Private debt currently ranks as the third-largest asset class in private capital1, ahead of infrastructure and natural resources. During periods of market instability, prospects abound for managers in the credit space.
In the aftermath of the credit crisis of 2008, the unregulated Irish section 110 was a vehicle of choice for structuring debt and credit investments. The Irish section 110 is quickly established, providing speed to market. It also accommodates multiple corporate-debt restructuring and buyback transactions within one vehicle, which is especially beneficial in the face of a downward credit cycle.
Increasingly, the regulated Irish Collective Asset-management Vehicle (ICAV) and unregulated Irish Section 110 are being deployed in combination as part of double tax, treaty-based structuring options for global managers.
The disintermediation of banks, or the reduction of middlemen, continues to drive private credit opportunities. Section 110 represents a scheme with a specialised Irish taxation treatment that’s often used for securitizations, but is also adaptable to other scenarios, including direct lending / loan origination and distressed debt acquisitions.
In certain structures, a regulated ICAV is being interposed between the section 110 company and the investors. The ICAV supports regulated and unregulated vehicles within the overall structure and can help achieve the most efficient outcome for investors. Depending on the structure, a similar result can sometimes be accomplished solely by using an ICAV.
The ICAV is also viewed as a go-to vehicle for U.S.-based credit and debt investment opportunities, particularly where U.S. treaty access is critical to the efficiency of the investment structure. Deploying an ICAV – with its U.S./Irish double tax treaty benefits – can assist managers in solving structuring inefficiencies that would otherwise arise when acquiring U.S.-based investments.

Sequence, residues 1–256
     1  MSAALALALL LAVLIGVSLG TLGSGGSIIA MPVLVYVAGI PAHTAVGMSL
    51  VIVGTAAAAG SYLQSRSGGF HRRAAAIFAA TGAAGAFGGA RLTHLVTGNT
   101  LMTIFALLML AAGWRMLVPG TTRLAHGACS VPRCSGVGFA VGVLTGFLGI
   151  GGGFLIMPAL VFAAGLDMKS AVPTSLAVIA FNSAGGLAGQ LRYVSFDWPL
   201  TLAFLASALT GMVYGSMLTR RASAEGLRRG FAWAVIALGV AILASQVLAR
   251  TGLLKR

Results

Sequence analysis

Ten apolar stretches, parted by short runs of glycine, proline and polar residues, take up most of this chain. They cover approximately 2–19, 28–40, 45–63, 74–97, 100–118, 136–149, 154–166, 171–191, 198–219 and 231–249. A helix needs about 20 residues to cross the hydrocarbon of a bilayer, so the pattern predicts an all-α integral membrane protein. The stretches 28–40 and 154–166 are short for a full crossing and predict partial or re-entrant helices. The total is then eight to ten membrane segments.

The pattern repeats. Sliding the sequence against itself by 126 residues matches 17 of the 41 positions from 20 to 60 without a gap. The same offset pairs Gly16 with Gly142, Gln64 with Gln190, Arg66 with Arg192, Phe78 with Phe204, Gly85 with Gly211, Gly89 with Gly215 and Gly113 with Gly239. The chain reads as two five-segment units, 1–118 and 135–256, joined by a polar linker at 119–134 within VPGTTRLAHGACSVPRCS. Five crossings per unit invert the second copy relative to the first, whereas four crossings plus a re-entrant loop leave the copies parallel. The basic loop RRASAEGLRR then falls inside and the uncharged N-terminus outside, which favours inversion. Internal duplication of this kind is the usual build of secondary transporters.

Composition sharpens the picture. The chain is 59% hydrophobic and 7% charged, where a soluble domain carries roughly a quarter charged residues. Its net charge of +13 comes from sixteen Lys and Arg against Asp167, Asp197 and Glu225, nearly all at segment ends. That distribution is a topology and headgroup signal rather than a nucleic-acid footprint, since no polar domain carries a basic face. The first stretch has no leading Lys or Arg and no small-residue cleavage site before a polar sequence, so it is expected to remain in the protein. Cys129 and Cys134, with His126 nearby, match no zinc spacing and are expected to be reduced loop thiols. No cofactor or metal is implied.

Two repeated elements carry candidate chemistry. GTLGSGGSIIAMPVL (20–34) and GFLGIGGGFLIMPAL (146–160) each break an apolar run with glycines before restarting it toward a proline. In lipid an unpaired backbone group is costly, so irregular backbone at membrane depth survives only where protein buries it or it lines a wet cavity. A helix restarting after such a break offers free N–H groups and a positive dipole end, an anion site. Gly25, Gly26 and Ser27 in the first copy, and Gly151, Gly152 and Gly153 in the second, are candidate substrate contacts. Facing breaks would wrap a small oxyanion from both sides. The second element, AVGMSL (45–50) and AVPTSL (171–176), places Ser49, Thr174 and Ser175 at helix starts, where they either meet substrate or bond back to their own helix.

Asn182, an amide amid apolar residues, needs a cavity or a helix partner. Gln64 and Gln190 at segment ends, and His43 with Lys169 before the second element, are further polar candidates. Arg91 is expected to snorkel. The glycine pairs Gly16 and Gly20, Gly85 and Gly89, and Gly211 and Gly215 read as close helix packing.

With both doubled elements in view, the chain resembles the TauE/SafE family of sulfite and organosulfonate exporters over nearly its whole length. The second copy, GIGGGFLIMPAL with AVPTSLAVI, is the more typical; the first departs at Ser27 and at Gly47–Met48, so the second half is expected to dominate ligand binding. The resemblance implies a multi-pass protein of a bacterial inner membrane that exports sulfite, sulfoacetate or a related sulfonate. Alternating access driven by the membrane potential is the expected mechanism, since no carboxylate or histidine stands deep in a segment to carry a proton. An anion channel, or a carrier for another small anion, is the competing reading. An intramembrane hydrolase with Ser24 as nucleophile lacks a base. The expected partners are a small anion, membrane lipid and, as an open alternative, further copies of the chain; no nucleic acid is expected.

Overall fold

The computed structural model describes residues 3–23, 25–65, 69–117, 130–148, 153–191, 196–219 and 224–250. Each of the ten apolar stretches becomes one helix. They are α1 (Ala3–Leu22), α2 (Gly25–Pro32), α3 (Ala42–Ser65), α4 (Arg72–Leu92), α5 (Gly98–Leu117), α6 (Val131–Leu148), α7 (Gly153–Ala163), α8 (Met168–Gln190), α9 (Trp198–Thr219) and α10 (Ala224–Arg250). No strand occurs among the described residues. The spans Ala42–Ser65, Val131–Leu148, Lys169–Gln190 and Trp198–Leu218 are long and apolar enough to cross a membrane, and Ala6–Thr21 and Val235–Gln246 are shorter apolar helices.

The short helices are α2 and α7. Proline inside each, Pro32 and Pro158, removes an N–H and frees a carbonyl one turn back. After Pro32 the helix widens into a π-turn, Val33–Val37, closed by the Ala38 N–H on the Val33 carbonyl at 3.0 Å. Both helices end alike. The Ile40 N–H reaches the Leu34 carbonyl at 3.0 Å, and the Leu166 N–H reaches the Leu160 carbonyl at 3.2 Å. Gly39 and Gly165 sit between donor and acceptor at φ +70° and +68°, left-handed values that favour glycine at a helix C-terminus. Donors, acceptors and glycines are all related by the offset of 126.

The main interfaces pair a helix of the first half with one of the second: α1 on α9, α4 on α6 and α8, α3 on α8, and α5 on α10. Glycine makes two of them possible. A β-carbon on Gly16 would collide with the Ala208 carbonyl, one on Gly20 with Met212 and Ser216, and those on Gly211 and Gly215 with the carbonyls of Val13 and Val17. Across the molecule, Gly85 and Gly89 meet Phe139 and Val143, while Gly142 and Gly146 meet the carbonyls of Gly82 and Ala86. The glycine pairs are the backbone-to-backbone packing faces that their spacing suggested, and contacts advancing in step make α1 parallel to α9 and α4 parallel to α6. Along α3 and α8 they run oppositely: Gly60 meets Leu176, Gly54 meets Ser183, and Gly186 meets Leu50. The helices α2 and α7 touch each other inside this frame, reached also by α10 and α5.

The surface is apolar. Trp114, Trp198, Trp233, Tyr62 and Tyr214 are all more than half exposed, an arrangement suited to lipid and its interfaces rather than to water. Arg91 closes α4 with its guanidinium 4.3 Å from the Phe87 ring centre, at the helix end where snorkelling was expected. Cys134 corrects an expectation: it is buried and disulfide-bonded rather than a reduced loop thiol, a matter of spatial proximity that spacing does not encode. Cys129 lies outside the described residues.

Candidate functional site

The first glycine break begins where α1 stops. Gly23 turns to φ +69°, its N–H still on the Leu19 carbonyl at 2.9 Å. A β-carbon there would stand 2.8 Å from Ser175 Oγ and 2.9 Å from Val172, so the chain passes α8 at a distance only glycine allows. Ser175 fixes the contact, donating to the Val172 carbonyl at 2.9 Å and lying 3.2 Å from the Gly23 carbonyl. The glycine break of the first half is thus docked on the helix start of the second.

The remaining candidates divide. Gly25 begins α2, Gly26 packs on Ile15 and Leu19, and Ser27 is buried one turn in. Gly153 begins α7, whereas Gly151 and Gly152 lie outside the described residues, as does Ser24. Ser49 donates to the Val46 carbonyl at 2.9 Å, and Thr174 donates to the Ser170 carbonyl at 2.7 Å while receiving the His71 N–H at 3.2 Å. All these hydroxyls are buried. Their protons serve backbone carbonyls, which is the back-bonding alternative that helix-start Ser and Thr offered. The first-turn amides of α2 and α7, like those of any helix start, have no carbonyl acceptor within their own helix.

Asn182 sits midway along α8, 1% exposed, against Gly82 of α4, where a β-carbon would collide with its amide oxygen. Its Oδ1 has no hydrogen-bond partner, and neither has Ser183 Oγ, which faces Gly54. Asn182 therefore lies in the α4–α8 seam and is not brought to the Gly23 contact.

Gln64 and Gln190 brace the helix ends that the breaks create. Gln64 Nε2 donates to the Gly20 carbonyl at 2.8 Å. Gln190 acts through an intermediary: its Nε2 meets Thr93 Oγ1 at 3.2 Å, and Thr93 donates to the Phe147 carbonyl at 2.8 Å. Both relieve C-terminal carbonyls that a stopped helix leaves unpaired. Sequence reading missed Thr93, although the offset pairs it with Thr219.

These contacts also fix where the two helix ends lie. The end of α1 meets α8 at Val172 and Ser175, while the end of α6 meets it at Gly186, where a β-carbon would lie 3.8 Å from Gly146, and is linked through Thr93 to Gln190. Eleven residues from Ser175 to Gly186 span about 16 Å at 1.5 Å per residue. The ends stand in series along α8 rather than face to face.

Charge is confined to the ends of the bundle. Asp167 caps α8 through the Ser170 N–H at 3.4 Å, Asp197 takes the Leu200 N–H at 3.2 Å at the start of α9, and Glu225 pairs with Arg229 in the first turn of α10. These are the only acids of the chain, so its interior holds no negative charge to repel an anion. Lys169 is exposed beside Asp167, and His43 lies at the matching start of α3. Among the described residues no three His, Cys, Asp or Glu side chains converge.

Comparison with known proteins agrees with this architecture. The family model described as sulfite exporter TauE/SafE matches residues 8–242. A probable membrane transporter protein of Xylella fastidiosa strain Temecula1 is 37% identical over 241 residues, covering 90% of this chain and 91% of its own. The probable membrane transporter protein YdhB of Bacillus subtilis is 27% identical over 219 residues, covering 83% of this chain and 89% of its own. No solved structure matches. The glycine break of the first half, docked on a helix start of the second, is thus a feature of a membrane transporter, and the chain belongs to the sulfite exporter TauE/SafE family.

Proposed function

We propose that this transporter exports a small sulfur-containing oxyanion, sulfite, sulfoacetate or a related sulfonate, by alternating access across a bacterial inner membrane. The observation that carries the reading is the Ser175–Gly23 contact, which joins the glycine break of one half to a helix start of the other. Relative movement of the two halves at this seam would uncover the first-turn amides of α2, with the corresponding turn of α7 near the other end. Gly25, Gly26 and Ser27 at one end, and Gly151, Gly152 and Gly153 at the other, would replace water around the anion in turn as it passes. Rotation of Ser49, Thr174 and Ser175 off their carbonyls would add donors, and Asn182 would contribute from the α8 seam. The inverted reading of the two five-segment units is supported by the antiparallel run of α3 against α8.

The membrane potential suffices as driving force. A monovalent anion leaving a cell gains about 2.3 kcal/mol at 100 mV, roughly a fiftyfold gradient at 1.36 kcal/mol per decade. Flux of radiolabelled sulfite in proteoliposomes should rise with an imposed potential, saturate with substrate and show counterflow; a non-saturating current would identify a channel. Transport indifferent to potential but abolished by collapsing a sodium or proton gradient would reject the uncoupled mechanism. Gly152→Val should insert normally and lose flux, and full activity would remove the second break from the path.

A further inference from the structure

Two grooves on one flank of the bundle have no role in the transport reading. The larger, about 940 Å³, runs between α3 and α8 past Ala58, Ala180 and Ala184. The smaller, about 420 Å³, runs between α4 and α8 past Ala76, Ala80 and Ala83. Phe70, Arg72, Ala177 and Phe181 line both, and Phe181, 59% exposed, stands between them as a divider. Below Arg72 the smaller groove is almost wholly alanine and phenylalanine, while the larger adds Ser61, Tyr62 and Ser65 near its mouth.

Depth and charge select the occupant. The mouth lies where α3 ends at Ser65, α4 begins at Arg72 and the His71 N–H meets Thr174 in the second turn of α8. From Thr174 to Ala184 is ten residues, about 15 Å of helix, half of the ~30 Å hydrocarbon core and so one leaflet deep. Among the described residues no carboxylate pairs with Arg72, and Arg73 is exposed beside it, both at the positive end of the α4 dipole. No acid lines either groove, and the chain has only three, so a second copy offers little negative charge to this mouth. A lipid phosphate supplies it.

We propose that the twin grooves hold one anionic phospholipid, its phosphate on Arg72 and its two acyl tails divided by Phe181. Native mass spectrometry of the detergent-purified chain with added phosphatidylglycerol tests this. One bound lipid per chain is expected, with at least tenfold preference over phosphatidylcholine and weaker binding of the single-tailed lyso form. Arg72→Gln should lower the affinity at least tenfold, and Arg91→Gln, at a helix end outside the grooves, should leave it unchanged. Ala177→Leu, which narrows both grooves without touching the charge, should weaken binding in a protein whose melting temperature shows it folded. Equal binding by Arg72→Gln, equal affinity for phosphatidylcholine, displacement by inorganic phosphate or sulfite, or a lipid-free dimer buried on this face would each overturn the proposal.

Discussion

Institutional investors, including pension funds, tend to favour making allocations to regulated structures such as the ICAV. The impact of the Organisation for Economic Co-operation and Development’s (OECD) base erosion and profit shifting (BEPS) initiative and the EU's Anti-Tax Avoidance Directives (ATAD) also makes a regulated approach worth considering, with a direction of travel towards regulated structures emerging.
A regulated option has benefits for both advisors and investors. Since it has the flexibility to be open-ended in nature, a regulated fund can facilitate a wide variety of investment liquidity profiles. It can provide ongoing tax efficiency. It can also safeguard the interests of investors, both through the regulatory requirements that apply to it and the regulated service providers with oversight responsibilities that are appointed to it.
Governance around regulated products usually includes the following parties:
Luxembourg, Ireland and Guernsey/Jersey serve as the main centres for private equity and credit funds in Europe, and they offer a variety of structured solutions. Ireland, for instance, provides an array of potential fund structures, both regulated and unregulated. Options vary in terms of levels of investment flexibility, minimum subscription requirements, tax regimes and regulatory requirements for service providers – all depending on which structure is chosen as the appropriate vehicle for a project.
The most popular regulated vehicle in Ireland is the ICAV. Unregulated structures are generally housed within a Section 110 company or an unregulated limited partnership structure. Ireland's regulated investment limited partnership structure is currently undergoing a legislative update. In Luxembourg, the RAIF, SICAV, SIF and SCSp serve as the comparable approaches on both the regulated and unregulated front. SCSp is especially favoured for GP/LP structures.
To help you best take advantage of regulated and unregulated structuring opportunities, the right partner can facilitate all vehicles in one integrated scheme. Learn more about our comprehensive, all-in-one solution at U.S. Bank.